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1940s Celebrities In Full Color

These are the kinds of black-and-white images we usually associate with past celebrities like Louis Armstrong, Orson Welles and Lucille Ball.

But seeing this collection is like arriving in Oz. A new exhibit at the National Portrait Gallery in Washington, D.C., shows 24 typically monochrome faces from the 1930s, '40s and '50s in full color. The New York Times has more details, but in short: Pioneering photographer Harry Warnecke and his colleagues created these portraits for the New York Daily News Sunday magazine.

Of note: A baby-faced Orson Welles and the backdrop that frames Gene Autry.

Because it was such a complicated process, color photography was relatively rare in the 1930s. But Warnecke designed his own camera, using "the technically demanding, tri-color carbro process," the exhibit language explains. Each of these images is a combination of three differently colored negatives.

Beautiful traces of that process show in the perimeter of blue, magenta and yellow around each portrait. Typically, those borders would be cropped away, but today, they suggest a demanding processes of yore used to capture America's celebrities of yore.

Copyright 2012 National Public Radio. To see more, visit http://www.npr.org/.

NPR

'Game Of Thrones' Evolves On Women In Explosive Sixth Season

The sixth season of HBO's Game of Thrones showed a real evolution in the way the show portrays women and in the season finale, several female characters ascended to power. NPR's Kelly McEvers talks to Glen Weldon from NPR's Pop Culture Happy Hour and Greta Johnsen, host of the Nerdette podcast, about the show.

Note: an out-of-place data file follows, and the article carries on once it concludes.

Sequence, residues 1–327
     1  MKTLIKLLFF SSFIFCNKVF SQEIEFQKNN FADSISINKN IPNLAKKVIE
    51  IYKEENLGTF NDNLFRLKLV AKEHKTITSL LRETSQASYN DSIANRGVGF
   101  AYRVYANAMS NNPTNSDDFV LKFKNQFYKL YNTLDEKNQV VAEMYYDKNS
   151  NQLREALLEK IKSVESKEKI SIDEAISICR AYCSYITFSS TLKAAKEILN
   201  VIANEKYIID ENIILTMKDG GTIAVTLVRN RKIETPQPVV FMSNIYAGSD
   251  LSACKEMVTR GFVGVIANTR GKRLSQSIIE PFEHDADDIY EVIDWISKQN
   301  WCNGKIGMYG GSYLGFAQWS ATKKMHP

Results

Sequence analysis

NPR

In Quest For Happier Chickens, Perdue Shifts How Birds Live And Die

Perdue Farms, one of the largest poultry companies in the country, says it will change its slaughter methods and also some of its poultry houses. Animal welfare groups are cheering.
WAMU 88.5

Jonathan Rauch On How American Politics Went Insane

Party insiders and backroom deals: One author on why we need to bring back old-time politics.

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Episode 5: Why 1986 Still Matters

In 1986, a federal official issued a warning: If Metro continued to expand rapidly, the system faced a future of stark choices over maintaining existing infrastructure. Metro chose expansion. We talk to a historian about that decision. We also hear from a former Metro general manager about the following years, and from an Arlington planner about measuring how riders are responding to SafeTrack.

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